HSBC has unveiled the biggest profits ever by a UK High Street bank, making a pre-tax profit of £11.5bn($20.97bn) in 2005, aided by growth in new markets.
HSBC has enjoyed another fruitful year
Much of the profit has been made abroad by the global bank, which operates in the UK, Europe, Asia and the Americas.
The news comes after HSBC's peers also recorded strong profits and amid claims from some economic and consumer groups that major banks make too much profit.
Less than one-fifth of HSBC's profits are made in the UK.
HSBC reports its profits in US dollars, which at today's conversion rate would be £11.91bn, however the bank takes the average exchange rate from over the year in reaching its sterling figure.
HSBC, which has 110 million customers in 79 countries, was largely an Asian bank until it took over the UK's Midland Bank in 1992.
Analyst David Buick of Cantor Index said: "HSBC has an array of branches in Asia, Hong Kong, China, Brazil, and the US - which has probably been its main growth market over the past decade."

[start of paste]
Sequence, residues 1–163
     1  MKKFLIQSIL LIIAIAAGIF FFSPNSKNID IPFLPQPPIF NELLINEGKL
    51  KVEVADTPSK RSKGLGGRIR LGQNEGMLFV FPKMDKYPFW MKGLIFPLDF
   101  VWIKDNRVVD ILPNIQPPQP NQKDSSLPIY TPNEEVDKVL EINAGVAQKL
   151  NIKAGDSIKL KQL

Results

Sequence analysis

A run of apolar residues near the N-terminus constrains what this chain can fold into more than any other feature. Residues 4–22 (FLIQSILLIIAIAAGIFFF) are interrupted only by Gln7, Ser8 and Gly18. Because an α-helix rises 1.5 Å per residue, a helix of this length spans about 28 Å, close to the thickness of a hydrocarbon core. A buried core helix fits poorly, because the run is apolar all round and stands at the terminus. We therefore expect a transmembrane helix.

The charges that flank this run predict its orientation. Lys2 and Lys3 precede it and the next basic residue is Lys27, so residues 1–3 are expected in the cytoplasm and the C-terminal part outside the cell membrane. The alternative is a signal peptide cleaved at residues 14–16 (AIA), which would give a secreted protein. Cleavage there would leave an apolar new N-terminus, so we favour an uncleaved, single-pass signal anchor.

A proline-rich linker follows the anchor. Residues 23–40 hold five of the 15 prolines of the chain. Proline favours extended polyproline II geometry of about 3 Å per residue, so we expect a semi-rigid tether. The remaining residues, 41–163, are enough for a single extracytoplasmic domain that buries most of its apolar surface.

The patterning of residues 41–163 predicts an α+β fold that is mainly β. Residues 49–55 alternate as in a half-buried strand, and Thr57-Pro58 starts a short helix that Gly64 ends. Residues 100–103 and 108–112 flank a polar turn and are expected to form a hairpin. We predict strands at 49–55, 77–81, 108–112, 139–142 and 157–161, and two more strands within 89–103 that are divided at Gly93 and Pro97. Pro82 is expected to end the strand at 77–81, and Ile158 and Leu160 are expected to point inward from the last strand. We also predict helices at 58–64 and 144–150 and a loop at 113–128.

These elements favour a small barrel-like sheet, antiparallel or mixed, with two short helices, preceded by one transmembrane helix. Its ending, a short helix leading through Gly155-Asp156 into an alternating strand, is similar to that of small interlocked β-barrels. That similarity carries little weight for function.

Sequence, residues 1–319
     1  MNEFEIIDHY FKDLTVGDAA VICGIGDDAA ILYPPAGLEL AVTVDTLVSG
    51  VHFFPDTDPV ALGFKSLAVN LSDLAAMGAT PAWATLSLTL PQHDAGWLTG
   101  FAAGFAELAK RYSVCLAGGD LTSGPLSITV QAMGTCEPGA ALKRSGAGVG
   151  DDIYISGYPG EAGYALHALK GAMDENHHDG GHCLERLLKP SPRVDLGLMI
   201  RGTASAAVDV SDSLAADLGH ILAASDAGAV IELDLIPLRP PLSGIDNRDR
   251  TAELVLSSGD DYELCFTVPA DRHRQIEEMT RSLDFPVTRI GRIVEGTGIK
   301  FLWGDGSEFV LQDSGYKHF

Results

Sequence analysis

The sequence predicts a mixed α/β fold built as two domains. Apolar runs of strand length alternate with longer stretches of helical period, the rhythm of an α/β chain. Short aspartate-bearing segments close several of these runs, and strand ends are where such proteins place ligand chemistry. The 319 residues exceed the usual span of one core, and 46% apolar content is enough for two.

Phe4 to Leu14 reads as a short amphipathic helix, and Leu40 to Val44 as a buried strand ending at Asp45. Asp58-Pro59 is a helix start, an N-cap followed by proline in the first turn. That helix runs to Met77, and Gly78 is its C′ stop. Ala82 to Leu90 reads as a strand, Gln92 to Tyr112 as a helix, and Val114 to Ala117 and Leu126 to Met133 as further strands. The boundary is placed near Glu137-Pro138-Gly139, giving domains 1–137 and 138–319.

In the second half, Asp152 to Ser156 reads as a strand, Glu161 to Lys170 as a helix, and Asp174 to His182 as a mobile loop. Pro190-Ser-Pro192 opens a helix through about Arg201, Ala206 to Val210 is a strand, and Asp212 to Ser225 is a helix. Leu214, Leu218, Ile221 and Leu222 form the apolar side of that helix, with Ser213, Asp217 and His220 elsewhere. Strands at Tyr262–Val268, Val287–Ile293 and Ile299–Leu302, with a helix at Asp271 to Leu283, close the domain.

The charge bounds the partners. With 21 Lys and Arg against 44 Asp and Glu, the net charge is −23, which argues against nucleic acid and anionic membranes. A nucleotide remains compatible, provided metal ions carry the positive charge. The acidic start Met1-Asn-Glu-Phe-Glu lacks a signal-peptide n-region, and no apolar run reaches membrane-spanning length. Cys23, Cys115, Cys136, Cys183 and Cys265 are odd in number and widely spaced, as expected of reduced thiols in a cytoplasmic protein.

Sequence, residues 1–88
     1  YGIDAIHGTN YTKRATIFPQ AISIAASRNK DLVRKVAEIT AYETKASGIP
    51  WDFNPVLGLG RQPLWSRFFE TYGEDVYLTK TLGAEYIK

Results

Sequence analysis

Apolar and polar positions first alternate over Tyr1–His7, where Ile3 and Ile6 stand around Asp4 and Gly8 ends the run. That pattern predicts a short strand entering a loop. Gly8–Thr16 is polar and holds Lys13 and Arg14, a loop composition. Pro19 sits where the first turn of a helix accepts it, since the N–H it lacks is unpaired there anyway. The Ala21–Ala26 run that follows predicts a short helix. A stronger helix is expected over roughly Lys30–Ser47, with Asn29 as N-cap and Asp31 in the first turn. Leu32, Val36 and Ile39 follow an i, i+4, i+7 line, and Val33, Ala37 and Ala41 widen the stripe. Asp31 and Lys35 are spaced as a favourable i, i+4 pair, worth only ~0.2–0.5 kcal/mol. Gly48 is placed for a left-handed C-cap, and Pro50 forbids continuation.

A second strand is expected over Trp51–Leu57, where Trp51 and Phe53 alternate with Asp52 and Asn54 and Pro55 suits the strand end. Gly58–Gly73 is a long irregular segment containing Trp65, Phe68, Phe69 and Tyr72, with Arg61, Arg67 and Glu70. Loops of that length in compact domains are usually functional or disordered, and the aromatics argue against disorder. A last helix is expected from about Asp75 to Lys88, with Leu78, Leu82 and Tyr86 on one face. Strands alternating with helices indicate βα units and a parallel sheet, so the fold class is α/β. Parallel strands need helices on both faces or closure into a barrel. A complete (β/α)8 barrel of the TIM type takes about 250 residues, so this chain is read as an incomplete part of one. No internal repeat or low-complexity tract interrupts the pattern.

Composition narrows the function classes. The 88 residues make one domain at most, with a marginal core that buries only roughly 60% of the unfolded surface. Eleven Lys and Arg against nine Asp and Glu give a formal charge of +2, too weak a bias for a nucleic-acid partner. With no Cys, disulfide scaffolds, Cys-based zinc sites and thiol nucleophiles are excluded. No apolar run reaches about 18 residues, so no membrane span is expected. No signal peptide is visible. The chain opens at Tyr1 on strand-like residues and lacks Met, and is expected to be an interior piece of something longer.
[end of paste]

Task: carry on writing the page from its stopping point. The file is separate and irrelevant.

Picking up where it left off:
He said banks now had their "best opportunity" to drive up their custom by offering mortgages and credit cards as well as customer accounts.
Last month Barclays reported record pre-tax profits of £5.28bn, up 15% on the year before. This was followed by Royal Bank of Scotland, which reported a 21% rise in annual pre-tax profits to nearly £8bn, and by Lloyds - up 4% to £3.47bn, and HBOS - up 17% to £4.8bn.
The UK's big five banks are expected to unveil combined profits of... more than the gross domestic product of Luxembourg
But think-tank New Economics Foundation claims the poorest 10% of people in the UK who do not have bank accounts are being ignored.
And consumer group Which? says that despite appearing to offer choice to customers this was not the reality, and that there was a high level of dissatisfaction with the big High Street names.
However HSBC, the world's third-biggest bank by market value said growth was led by its personal financial services unit, which provides savings accounts, mortgages and other services to more than 100 million personal customers.
"They look like a strong set of results," said Richard Staite at SG Securities. "One pleasing aspect is to see revenue growth steadily accelerating in the second half."
The bank said it had benefited from a strong US economy, a resilient UK economy, buoyant emerging markets, and recoveries in Japan and Germany.
It also said the near-term outlook was positive but there were long term uncertainties caused by "the unprecedented level of trade imbalances" and under-funded pension plans around the world.